"No other dictionary flags it as archaic." How about this one?: The Century Dictionary (The Century Co., New York, 1895, p6730) "vermilion (vėr-mil’yon), n. and a. [Formerly also vermillion, virmilion ...]" So it was considered archaic in 1895, so much for 2013. Many modern and authoritative dictionaries don't even list the double-L spelling as an alternative: Chambers 21st Century, Random House Unabridged Dictionary (American), Macmillan English Dictionary (American & British English editions). So according to these dictionaries, vermillion is not archaic - it's not a word. The translators of the bible could spell vermilion in 1611, in the King's English, so ask yourself if the double-L version is outdated, an American-preferred variant, or simply bad spelling, repeated for centuries. DrX au (talk) 07:53, 8 March 2013 (UTC)
OK, thank you. I'd say the evidence is mixed. It is listed without any notation as a variant in other dictionaries. And the double-L so-called "mistake" is also common. I'm not very active on Wiktionary, so I'm not terribly familiar with it's orientation, but I very much doubt that it endorses a prescriptive approach to language. Bkonrad (talk) 11:13, 8 March 2013 (UTC)
I agree that the evidence is inconsistent, but I hope that Wiktionary aims for accuracy and consistency. Chambers was the previous official Scrabble reference, but somehow Collins now has that role, so you can get away with playing "vermill" in front of "ion" for a 50 point bonus, where before you couldn't. On the other hand, if your kid someday gets eliminated from a spelling bee where the official dictionary is Chambers, your protest over vermillion won't be upheld. As for Google Book searches, fuschia (not in any real dictionary) returns 32,800 results. DrX au (talk) 13:03, 8 March 2013 (UTC)
I've added a usage note to reflect both views. Dbfirs 13:11, 8 March 2013 (UTC)
Here's more evidence. Noah Webster Jr, in making his own version (1833) of the King James Bible went through and fixed all the spellings he thought were un-American. He removed the u from every instance of colour, and he thought threshold looked better with double-h, but he went over vermilion twice and thought that one-L was fine. In the 1st edition of his dictionary (1828), Webster did put 2 h's in threshhold and only one n in millenium. Even the most respected authors got it wrong sometimes. DrX au (talk) 02:36, 12 March 2013 (UTC)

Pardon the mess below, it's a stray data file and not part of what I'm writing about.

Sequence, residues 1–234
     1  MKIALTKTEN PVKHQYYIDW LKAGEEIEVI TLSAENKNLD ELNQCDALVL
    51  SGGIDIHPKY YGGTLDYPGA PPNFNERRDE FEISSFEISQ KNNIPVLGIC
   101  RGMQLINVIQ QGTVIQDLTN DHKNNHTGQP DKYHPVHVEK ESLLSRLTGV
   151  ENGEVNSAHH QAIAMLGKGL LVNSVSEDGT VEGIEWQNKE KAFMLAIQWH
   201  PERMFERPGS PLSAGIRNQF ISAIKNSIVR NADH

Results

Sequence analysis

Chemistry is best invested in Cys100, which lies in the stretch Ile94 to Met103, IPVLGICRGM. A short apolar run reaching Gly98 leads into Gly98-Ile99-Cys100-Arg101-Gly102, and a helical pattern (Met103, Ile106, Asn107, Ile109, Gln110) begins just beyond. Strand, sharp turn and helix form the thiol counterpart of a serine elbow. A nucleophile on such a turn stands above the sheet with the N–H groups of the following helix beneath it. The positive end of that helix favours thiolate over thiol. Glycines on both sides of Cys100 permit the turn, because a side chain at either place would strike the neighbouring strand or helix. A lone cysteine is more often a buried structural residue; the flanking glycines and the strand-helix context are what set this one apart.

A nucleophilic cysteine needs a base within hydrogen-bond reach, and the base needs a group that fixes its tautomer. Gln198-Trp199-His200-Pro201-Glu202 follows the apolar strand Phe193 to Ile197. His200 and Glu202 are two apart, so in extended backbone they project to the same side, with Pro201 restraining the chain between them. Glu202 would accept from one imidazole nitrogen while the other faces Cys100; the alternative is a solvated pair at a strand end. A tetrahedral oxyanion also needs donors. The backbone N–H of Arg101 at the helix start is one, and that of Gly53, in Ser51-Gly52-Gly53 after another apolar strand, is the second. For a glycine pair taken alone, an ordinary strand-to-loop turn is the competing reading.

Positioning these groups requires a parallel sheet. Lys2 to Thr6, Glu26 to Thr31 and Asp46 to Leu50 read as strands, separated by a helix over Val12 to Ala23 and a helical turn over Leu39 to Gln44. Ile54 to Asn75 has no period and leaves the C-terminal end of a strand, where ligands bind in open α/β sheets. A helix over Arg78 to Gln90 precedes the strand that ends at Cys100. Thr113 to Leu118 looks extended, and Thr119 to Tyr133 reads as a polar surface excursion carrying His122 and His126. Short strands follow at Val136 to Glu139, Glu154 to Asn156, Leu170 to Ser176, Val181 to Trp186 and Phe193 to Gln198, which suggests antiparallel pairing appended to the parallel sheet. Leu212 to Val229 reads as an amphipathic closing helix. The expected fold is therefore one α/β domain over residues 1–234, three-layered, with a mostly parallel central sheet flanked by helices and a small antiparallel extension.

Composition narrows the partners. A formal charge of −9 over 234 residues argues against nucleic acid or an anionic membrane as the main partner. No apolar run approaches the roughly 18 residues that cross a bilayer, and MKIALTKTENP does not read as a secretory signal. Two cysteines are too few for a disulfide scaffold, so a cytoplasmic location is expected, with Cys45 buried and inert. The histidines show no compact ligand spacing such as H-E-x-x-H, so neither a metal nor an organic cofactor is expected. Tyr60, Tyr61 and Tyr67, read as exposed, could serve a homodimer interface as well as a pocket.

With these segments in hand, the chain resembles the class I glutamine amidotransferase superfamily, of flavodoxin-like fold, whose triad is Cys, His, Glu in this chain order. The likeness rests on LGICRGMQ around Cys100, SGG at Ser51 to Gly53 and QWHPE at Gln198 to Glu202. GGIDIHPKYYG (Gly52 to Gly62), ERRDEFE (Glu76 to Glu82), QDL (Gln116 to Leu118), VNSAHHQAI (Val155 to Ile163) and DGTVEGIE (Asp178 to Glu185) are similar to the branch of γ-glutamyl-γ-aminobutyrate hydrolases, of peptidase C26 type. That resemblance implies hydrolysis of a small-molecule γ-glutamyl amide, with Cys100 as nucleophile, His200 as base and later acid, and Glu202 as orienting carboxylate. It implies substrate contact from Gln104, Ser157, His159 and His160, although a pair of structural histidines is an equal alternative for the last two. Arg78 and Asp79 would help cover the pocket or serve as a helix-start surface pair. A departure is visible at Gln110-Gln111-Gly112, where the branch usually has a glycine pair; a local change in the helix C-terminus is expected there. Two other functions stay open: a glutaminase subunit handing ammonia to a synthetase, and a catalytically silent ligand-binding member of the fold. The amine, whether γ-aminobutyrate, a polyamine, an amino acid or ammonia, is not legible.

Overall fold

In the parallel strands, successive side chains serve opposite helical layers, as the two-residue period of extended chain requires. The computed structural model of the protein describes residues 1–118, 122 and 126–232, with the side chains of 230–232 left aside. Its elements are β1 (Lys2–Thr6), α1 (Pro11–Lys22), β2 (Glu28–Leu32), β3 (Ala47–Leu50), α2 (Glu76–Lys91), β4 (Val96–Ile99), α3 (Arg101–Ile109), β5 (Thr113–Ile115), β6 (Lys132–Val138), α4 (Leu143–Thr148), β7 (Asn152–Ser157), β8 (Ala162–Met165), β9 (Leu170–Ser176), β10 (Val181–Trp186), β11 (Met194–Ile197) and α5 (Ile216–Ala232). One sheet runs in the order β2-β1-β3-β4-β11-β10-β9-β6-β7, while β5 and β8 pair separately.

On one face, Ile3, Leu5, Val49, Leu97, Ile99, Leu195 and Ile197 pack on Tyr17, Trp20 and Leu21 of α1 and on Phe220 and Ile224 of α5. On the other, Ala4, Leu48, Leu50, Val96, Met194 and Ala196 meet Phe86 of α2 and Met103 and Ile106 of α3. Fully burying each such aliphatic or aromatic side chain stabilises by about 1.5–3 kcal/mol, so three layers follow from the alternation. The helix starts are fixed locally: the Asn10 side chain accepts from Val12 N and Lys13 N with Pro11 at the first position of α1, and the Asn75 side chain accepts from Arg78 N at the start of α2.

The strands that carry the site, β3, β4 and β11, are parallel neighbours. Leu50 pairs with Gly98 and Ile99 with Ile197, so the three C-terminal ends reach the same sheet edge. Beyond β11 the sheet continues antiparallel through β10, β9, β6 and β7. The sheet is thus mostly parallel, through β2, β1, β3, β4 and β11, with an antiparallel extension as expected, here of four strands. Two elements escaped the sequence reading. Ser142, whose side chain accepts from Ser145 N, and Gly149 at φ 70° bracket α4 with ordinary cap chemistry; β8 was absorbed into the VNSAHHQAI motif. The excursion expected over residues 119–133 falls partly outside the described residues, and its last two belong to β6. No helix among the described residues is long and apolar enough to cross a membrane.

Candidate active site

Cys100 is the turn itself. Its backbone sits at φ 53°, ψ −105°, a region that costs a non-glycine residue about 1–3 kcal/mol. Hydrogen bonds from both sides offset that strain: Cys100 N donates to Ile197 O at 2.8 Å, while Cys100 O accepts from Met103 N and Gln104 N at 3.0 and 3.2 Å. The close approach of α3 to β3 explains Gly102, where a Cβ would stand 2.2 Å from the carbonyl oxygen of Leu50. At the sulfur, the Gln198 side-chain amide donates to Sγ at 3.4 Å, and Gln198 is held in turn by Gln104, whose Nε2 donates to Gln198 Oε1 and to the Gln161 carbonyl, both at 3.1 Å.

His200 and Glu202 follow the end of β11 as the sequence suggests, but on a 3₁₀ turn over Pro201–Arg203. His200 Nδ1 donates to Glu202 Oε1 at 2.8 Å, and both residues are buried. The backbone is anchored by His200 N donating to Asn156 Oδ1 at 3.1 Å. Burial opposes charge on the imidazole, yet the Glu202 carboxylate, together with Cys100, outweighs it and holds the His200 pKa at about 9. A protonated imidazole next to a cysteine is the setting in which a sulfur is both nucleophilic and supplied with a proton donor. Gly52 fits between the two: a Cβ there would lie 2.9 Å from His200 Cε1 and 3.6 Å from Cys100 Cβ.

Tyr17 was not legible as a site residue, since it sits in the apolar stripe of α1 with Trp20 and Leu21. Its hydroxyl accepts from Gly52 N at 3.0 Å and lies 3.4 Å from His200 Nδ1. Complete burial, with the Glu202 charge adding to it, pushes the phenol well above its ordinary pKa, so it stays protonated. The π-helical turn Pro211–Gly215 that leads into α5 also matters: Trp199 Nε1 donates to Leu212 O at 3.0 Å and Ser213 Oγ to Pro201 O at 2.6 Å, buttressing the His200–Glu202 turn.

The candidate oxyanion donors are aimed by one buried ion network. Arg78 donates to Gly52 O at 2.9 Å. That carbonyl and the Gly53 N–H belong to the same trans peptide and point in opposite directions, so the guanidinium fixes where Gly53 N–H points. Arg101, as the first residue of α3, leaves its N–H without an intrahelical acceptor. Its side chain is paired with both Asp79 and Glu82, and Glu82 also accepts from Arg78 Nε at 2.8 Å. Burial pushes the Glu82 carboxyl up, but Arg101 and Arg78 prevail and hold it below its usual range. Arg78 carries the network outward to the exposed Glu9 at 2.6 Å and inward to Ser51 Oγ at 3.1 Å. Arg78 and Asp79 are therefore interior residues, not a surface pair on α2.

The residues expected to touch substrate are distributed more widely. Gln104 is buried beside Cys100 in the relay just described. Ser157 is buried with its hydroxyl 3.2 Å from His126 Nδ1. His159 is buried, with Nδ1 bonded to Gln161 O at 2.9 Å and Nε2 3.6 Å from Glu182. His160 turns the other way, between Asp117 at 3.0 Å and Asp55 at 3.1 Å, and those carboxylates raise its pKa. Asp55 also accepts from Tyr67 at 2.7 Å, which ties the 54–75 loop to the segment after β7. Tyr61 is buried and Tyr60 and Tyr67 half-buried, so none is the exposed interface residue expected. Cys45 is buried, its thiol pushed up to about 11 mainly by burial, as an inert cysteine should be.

"... citations in the OED, as well as many usages in Google Books will confirm the validity ..." Dbfirs, I don't think that hits on Google searches can support the validity of anything. Caribbean: 66.7 million hits, Carribean: 213 million hits (!), + 7.94 million Google Book search results (including published book covers). I found your pavillion entry, which should probably say "common misspelling of" rather than "alternative spelling". The latter makes it sound more tolerable. DrX au (talk) 08:11, 11 March 2013 (UTC)
I wish other editors of Wiktionary would read and follow your caveat in some of their strange entries, but where many respectable authors have used an alternative spelling, it is common for descriptive dictionaries to include it. I'm happy to include a "proscribed" or "dated" tag if you wish. In the case of "pavillion", the OED does say "now non-standard". I've added usage notes to clarify the entries, since I would not wish users to consider the "double-ell" spellings as standard, but have you tried looking up "vermillion" in the American Heritage Dictionary? Dbfirs 17:31, 11 March 2013 (UTC)
The AHD lists the double-L version as an alternate, but it would have to since a few place names are spelt that way. I find it interesting that both vermilion and pavilion derive from a French word with a double-L. However since they pulled out of Iraq and French fries were renamed Freedom fries, I doubt that their support in this debate will be called upon. I wonder if any other examples of one English word with two accepted spelling variants can be found. (Excluding American vs British versions e.g. center/centre, and proper nouns e.g. Mathew, Maddison) DrX au (talk) 01:17, 12 March 2013 (UTC)
Found one: judgement/judgment. DrX au (talk) 05:38, 13 March 2013 (UTC)
FWIW, Google Books' ngram viewer suggests that during the period from the 1970s to the present, the spelling with "ll" has occurred with about 1/6th the frequency of the "l" spelling. During the period from the 1870s to the 1970s, "ll" occurred with 1/12th the frequency of "l". From the 1760s through the 1820s, "ll" occurred with half the frequency of "l"). google books:intitle:dictionary "vermillion" turns up some older dictionaries (mostly translation dictionaries and dictionaries of particular industries' jargon, not general dictionaries of English) that seem to lemmatize the "ll" spelling. I think "{{cx|often|_|proscribed}} {{alternative spelling of|vermilion}}" is the most accurate way of describing it (being descriptive rather than prescriptive). - -sche (discuss) 21:25, 14 January 2014 (UTC)